▪ Dad – Have a fresh shave or trim. Make sure nails are clean and trimmed and your hands are clean. Clean up your shoes. Moisturize and scrub away flaky facial skin. For wardrobe, go for jeans or pants, tucked polo or dress shirt with a belt, or go casual with just a T-shirt or untucked polo, button-up short sleeve, etc. In general, whatever your wife tells you to wear. Again you don’t have to perfectly match the rest of the family, just wear something that coordinates.
▪ Mom – Women know what to wear, but in general, unless you are extremely thin you may want to wear something that covers your upper-arms. Long- or 3/4-sleeve tops are very flattering. If you wear jewelry, aim for subtlety, and be aware of it twisting or turning.
▪ Kids – Same advice as above, but again, everything does not have to match. Simply coordinate with the parents’ outfits. If Dad’s in a T-shirt, don’t put the kids in dress shirts – make it make sense.
High school seniors
▪ The biggest tips for seniors are to have an even tan, don’t get sunburned, clean and freshly-paint those nails, and moisturize and scrub away dry skin.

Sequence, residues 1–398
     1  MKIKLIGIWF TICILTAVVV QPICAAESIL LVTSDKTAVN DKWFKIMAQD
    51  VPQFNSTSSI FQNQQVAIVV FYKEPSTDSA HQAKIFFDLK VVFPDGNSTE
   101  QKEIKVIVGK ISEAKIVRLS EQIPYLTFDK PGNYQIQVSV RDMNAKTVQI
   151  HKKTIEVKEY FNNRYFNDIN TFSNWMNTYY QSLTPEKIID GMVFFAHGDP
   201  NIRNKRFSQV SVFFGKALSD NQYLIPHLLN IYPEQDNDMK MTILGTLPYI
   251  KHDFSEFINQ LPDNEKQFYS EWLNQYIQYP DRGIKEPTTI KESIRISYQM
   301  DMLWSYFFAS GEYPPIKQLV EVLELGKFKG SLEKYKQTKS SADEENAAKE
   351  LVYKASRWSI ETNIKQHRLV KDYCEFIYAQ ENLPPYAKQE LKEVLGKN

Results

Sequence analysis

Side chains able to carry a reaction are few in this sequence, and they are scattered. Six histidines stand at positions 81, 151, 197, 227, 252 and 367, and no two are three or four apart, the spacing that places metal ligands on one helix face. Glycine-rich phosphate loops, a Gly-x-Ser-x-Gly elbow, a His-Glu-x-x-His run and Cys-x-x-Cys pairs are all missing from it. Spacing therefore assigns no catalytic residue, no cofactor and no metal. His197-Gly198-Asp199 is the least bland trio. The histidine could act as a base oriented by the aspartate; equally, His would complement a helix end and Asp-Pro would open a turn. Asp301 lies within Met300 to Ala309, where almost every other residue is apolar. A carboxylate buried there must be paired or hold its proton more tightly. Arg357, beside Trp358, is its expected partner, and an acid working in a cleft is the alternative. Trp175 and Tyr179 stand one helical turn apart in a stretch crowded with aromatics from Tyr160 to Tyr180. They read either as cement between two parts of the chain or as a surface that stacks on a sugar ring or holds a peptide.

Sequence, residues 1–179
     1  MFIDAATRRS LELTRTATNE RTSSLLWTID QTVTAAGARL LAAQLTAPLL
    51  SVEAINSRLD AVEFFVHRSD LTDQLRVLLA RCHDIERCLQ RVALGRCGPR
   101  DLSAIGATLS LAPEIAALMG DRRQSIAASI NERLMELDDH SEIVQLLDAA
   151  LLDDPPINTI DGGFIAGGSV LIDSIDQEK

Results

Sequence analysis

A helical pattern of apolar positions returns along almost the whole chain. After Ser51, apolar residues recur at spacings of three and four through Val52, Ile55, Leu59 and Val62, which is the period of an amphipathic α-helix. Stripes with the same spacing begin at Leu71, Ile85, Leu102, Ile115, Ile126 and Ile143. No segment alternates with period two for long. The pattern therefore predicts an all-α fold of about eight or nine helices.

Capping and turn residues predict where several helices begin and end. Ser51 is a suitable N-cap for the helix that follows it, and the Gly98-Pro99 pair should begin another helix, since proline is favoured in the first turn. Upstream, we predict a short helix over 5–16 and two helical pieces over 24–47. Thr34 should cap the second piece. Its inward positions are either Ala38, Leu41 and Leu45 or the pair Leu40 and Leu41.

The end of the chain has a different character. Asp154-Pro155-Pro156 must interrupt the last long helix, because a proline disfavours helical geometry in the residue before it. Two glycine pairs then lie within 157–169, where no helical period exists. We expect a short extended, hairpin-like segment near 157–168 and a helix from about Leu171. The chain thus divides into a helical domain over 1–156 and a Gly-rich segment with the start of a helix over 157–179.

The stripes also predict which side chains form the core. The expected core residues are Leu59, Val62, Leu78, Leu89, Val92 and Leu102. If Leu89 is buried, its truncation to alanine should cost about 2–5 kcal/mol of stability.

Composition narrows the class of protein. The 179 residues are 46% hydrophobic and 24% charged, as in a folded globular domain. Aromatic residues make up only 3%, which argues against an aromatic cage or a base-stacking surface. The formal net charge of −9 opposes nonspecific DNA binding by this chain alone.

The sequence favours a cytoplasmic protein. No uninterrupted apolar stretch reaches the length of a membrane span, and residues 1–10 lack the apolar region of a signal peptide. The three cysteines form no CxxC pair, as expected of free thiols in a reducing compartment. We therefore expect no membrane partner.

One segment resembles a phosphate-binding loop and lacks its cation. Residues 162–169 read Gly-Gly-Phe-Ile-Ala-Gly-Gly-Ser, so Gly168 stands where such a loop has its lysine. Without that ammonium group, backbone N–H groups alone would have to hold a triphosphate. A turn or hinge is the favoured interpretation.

▪ Bring a variety of outfits – cap and gown, something casual, something stylish, ladies slip a dress in there to throw folks off, fellas try a formal look to impress. Wear what you think you look best in, but take the opportunity to also try a new look, just to surprise folks.
- Bring props that recall your high school years – band instrument, sports gear like a volleyball or baseball bat, your beloved (or cursed) high school car, letter jacket, sunglasses. Most of all, represent your style, whatever that may be. Your senior photo should be unique to your life and personality.
▪ Moisturize that belly!
▪ Gather your props to bring along – ultrasound printout, alphabet blocks that spell your baby’s name, baby shoes, stuffed animals, flowers, whatever you’ve seen in other maternity photos that you like.